• 592.
    Sundin, Erik
    et al.
    Linköping University, The Institute of Technology. Linköping University, Department of Management and Engineering, Assembly technology.
    Lindahl, Mattias
    Linköping University, The Institute of Technology. Linköping University, Department of Management and Engineering, Environmental Technology and Management.
    Comstock, Mica
    Linköping University, The Institute of Technology. Linköping University, Department of Mechanical Engineering, Assembly technology.
    Shimomura, Yoshiki
    Tokyo Metropolitan University.
    Sakao, Tomohiko
    Mitsubishi Research Institute.
    Integrated Product and Service Engineering Enabling Mass Customization2007In: International Conference on Production Research,2007, 2007, p. 1-6Conference paper (Refereed)
    Abstract [en]

    Manufacturing companies face many challenges today. One of these is how to successfully meet increasingly diverse customer needs. This paper elucidates, from several perspectives, how mass customization could be enabled using integrated product and service engineering. BT Products AB (BT) produces forklift trucks in Sweden that are customized and sold through various kinds of product offerings, which are also customer-tailored. By doing so, BT can offer their customers increased value through customized product service offerings. This paper shows, through a case study at BT, how the customization issues are tackled by the company. Though the development of products and services is conducted in separate organizations at BT, the company has managed to create successful customized offerings for its customers. However, with a more integrated development BT could become even more successful in its customer offerings.

  • 593.
    Sundin, Erik
    et al.
    Linköping University, Department of Management and Engineering, Assembly technology . Linköping University, The Institute of Technology.
    Lindahl, Mattias
    Linköping University, Department of Management and Engineering, Environmental Technique and Management . Linköping University, The Institute of Technology.
    Ijomah, Winifred
    DMEM, Faculty of Engineering, University of Strathclyde, Glasgow, UK.
    Product design for product/service systems: Design experiences from Swedish industry2009In: Journal of Manufacturing Technology Management, ISSN 1741-038X, E-ISSN 1758-7786, Vol. 20, no 5, p. 723-753Article in journal (Refereed)
    Abstract [en]

    Purpose – The purpose of this paper is to elucidate how Swedish industry has adapted theirproducts for product/service systems (PSS).Design/methodology/approach – Three case study companies that manufacture forklift trucks,soil compactors and household appliances are studied. Interviews with company staff are conducted aswell as product analyses in laboratorial environment. The theory is based mainly on previous PSS,design and remanufacturing research.Findings – A key factor when developing products for PSS is to design the product from a life-cycleperspective, considering all the product’s life-cycle phases, namely manufacturing, use, maintenanceand end-of-life treatment. Many of the design improvements deal with the accessibility of parts andcomponents during maintenance and remanufacturing operations, and several of them could reducethe need and cost for maintenance, repair and remanufacturing.Research limitations/implications – Uncovering any additional product requirements needed fora successful PSS not addressed in this paper. For example, it could be interesting to explore whichproduct data could be collected during use in order to improve the products’ different life stages.Practical implications – The findings in this paper illustrate and describe many industrialimplications for engineering designers to consider when developing PSS.Originality/value – The novelty of this paper is aimed for designers to study how they can adapttheir future products used in PSS in a more beneficial way than in traditional product design. Thepaper shows ideas and general guidelines to follow which have been scarcely published.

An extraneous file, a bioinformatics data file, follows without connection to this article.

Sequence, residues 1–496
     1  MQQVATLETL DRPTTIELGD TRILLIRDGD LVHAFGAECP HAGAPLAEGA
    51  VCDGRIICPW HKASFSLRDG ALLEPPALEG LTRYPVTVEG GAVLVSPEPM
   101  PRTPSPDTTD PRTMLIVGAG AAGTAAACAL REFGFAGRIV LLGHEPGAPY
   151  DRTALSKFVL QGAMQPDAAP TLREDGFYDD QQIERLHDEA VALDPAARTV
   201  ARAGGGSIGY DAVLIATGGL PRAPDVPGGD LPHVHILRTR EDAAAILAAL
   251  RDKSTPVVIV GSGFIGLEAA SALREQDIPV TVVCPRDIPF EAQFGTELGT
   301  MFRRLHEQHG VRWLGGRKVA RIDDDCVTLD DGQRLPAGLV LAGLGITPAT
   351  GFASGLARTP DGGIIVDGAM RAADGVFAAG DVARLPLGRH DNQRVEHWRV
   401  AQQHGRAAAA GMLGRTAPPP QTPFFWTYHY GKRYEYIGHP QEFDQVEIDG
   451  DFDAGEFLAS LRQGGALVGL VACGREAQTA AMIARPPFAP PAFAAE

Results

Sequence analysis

• 594.
    Sundin, Erik
    et al.
    Linköping University, Department of Management and Engineering, Assembly technology. Linköping University, The Institute of Technology.
    Lindahl, Mattias
    Linköping University, Department of Management and Engineering, Environmental Technology and Management. Linköping University, The Institute of Technology.
    Larsson, Henrik
    Linköping University, Department of Management and Engineering, Environmental Technology and Management. Linköping University, The Institute of Technology.
    Environmental and Economic Benefits of Industrial Product/Service Systems2010In: Industrial Product-Service Systems (IPS²): Proceedings of the 2nd CIRP IPS² Conference / [ed] Tomohiko Sakao, Tobias Larsson & Mattias Lindahl, Linköping: Linköping University Electronic Press, 2010, p. 91-98Conference paper (Refereed)
    Abstract [en]

    Increased competition and new customer requirements make manufacturers to strive towards selling industrialproduct/service systems. Product/service systems have derived partly from environmental research and development.However, it is still not clear how much can be earned in environmental and economic concerns.This paper aims to explore the economic and environmental benefits of product/service systems from a life-cycle perspectivein comparison to traditional selling approaches. To fulfill this aim, four case studies were performed at four product/servicesystem providers in Sweden. The data was collected through semi-structured interviews, telephone interviews and dataprovided by the product/service system providers. A comparison life-cycle assessment (LCA) was conducted betweentraditional scenarios and product/service system scenarios. In addition, a life-cycle cost (LCC) analysis was conducted. Tosummarize, in all four cases the product/service system scenarios had environmental and economic advantages incomparison to their traditional selling scenarios.

  • 595.